A badger at the British Wildlife Centre in Lingfield, England. (Stefan Wermuth/Reuters)

Armed with a speaker system and a bucket full of peanuts, wildlife ecologist Liana Zanette hiked into the Wytham Woods with just one mission: to terrorize some woodland creatures with recordings of the BBC.

For five nights, she broadcast snippets of BBC documentaries and news programs — as well as clips from the Canadian radio show "Quirks and Quarks" and the audiobook of "The Wind in the Willows" — to a forest full of unsuspecting English badgers. She and her colleagues then monitored the animals' response to the sounds in order to measure how much they feared humans.

"Oh, I don't want to be dissing public radio and television," Zanette hurriedly insisted when I asked whether she thought the BBC was frightening. She laughed, "I had all these clips on hand because it's what I love to listen to."

Zanette, a professor at Western University in Ontario, has spent much of her career studying "the landscape of fear," how animals' anxiety about getting eaten by predators shapes their behavior and in turn, shapes the ecosystem in which they live. She's used a similar methodology — playing predator sounds through a speaker system, then watching to see how animals respond — at least a dozen times before. Then, last year, she read a study in Science claiming that humans had become a "superpredator," killing mesocarnivores like badgers four times as much as non-human predators do.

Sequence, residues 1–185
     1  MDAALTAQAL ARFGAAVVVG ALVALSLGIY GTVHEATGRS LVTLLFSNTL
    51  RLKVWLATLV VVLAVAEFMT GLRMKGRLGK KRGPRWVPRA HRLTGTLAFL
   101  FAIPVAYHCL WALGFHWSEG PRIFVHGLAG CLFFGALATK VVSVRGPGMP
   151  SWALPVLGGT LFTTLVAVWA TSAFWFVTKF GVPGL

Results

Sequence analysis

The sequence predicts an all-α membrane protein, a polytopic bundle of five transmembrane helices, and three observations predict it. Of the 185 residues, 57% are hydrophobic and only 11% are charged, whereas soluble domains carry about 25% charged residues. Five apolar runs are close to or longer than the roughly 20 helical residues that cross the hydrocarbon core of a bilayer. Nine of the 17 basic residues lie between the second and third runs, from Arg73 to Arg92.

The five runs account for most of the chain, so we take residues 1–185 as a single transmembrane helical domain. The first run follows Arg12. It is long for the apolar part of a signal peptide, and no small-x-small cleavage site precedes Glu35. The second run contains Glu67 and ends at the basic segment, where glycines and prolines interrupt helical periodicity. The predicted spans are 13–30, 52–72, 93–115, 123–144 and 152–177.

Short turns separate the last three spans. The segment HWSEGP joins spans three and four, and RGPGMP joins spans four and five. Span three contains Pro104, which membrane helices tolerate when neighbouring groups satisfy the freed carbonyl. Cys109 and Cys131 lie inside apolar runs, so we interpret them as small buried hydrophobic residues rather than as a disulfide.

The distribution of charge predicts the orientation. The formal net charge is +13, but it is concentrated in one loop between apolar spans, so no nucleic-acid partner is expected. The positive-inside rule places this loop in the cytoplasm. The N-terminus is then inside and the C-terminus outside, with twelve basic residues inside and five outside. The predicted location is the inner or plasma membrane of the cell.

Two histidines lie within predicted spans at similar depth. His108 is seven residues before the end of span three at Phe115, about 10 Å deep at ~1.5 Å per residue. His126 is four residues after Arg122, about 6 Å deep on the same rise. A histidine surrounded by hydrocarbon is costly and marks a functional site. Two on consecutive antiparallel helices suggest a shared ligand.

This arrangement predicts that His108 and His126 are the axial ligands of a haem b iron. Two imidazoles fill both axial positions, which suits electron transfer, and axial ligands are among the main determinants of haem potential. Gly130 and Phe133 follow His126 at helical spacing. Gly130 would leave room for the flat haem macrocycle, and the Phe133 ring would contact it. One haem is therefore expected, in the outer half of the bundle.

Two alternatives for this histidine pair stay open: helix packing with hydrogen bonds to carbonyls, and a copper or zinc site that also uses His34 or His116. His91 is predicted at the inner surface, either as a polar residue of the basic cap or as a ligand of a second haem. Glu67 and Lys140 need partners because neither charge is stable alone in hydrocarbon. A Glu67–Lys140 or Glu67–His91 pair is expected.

"So badgers should be really afraid of us," Zanette said. 

Based on the results of her experiment in the Wytham Woods, a forest near the University of Oxford in the United Kingdom, they certainly are. When confronted with two hours of BBC footage, the majority of badgers stayed hidden inside their burrows, waiting for the human sounds to vanish. Those that did venture out to a food patch (a bucket full of peanuts prepared by the scientists) were watchful and hesitant, spending as much time with their heads in the air listening for predators as they did looking down at their meal.

By comparison, the animals showed no response to audio of howling wolves, which once preyed on badgers but were driven to extinction in the U.K. about five centuries ago. They reacted slightly to the sounds of bears, which disappeared from England 1,000 years ago (Zanette couldn't explain why they responded to bears but not wolves, but suggested that perhaps bears were more deadly when they lived, so fear of them is more deeply ingrained), and to dogs, which still harass badgers in British forests. And when subjected to sounds of a control group, sheep, the badgers quite sensibly ignored the braying and chowed down.

"It's really quite extraordinary," Zanette said of the results, which were published in Behavioral Ecology this week. "We weren’t expecting this massive response."